In "I Stand Here Ironing" by Tillie Olsen, whom, or what, do you blame for the narrator’s problems? For example, do you blame Emily’s father? The Depression? The social situation and “experts” to which the narrator turns?

In “I Stand Here Ironing” by Tillie Olsen, the narrator’s problems might be blamed on both the setting in which she finds herself and by a society which places unrealistic measures of success on mothers, often providing few means of support in helping them feel accomplished in their maternal efforts.

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This is a fairly complicated question, and I don't think there is a singular answer. It's important to consider the setting in which the narrator finds herself. She stands ironing, but she reflects upon her oldest child's early days, placing that period of time during the Great Depression. Surely the...

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This is a fairly complicated question, and I don't think there is a singular answer. It's important to consider the setting in which the narrator finds herself. She stands ironing, but she reflects upon her oldest child's early days, placing that period of time during the Great Depression. Surely the economic impacts of this experience influence the inner conflict of the narrator. Ultimately, she has to survive and has to make sure her daughter does, as well. Since her husband has left them both, the narrator is forced to accomplish this on her own, which is no easy feat for single mothers even in our modern society. The narrator does what she has to do and makes some tough choices along the way. This sense of resolute determination is felt and replicated by her daughter, who doesn't smile nearly as easily as her siblings who follow when her mother remarries.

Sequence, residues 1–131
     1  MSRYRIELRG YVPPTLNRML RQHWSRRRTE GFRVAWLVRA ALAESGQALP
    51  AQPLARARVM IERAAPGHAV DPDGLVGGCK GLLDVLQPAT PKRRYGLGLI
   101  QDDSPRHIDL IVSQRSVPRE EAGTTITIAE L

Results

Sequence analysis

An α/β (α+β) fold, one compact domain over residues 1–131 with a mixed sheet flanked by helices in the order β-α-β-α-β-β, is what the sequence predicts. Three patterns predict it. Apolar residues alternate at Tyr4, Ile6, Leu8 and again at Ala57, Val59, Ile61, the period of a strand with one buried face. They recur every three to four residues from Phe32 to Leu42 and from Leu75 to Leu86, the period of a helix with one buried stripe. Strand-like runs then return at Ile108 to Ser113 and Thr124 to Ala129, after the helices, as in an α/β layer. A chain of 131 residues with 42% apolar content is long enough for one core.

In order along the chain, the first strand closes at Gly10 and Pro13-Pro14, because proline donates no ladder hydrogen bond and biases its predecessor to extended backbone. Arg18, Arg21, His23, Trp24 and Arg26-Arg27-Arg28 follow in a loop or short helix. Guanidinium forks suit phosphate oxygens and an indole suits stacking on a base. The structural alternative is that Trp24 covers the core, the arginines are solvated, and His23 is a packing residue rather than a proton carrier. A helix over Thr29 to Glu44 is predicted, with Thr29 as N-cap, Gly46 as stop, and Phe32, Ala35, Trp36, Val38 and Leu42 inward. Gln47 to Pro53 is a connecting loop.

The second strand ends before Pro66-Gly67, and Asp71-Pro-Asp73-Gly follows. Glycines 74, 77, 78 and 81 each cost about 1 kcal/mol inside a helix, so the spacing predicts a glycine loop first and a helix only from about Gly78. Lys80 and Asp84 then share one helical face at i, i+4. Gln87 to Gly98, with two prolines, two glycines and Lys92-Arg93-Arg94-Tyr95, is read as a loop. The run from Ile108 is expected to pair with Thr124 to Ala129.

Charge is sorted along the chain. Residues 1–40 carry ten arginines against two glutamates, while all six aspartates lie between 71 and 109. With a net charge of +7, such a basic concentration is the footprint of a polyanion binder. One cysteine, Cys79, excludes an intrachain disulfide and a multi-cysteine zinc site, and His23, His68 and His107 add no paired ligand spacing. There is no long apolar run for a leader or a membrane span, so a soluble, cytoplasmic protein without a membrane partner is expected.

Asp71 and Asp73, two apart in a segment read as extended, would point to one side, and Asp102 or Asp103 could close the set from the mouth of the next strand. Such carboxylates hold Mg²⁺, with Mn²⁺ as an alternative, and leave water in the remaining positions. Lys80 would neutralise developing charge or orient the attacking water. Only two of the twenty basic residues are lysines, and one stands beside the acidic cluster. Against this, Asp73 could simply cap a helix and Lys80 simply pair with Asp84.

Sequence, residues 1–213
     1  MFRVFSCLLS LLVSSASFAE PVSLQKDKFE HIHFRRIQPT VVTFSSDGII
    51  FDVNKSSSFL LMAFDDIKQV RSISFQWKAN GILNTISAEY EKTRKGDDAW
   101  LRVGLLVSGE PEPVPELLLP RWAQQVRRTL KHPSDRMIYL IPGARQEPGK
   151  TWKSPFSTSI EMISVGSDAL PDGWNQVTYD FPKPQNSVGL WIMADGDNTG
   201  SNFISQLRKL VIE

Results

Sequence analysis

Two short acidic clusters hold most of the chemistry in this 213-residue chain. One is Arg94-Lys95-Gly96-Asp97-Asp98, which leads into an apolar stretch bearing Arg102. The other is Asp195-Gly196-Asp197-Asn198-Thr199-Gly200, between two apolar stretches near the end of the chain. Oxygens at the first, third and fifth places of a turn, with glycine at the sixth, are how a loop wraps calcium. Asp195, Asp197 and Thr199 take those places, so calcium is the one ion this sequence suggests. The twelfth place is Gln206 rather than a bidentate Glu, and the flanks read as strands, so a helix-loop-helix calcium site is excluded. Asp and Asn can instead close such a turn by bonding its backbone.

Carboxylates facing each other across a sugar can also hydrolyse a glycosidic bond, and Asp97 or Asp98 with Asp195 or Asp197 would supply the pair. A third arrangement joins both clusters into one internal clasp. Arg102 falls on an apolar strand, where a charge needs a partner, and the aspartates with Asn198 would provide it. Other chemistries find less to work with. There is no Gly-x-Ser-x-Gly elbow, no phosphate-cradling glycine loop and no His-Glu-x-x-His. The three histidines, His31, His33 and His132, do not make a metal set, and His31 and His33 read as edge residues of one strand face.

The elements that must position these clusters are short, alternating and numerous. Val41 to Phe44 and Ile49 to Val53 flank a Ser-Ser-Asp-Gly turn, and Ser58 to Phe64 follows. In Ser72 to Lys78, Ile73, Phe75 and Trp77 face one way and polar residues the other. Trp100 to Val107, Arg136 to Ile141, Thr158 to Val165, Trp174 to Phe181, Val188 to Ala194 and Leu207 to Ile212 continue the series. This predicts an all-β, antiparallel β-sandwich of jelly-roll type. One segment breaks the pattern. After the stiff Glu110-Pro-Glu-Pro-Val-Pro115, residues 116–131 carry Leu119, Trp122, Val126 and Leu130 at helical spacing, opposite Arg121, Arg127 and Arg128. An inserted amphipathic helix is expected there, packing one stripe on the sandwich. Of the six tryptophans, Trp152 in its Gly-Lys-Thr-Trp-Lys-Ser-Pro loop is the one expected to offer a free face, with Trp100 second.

While the economic struggles certainly influence the narrator's choices and ultimately her source of regret, the expectations placed on women in her society compound these struggles. There is a mostly undefined theme that is woven through the story—that the narrator has failed Emily in various ways. She didn't love her well enough. She didn't provide enough emotional support. She allowed others to care for Emily when perhaps she shouldn't have. She ignored Emily's pleas not to leave her. This is not a romanticized portrait of motherhood.

Instead, the truth of the narrator's struggles is made plain. She tried to make the best choices possible under often difficult circumstances, and sometimes this meant prioritizing other people or situations over Emily. She realizes that these actions could have influenced Emily's personality and that "all that is in her will not bloom" because of her own failed efforts in parenting her first child. And therein is the source of her inner struggle.

The narrator faces a society which asks mothers to provide for their families, to give each child devoted attention, to assist with schoolwork and celebrate successes, to maintain housework and ironing, to communicate with healthcare workers and make the best medical decisions possible, to never leave their children for an evening out, and to sacrifice themselves for their children. This narrator understands that it is impossible to achieve success under such lofty standards and that she has certainly failed to live up to these expectations set forth for her as a mother; yet she also understands that Emily still "has enough left to live by."

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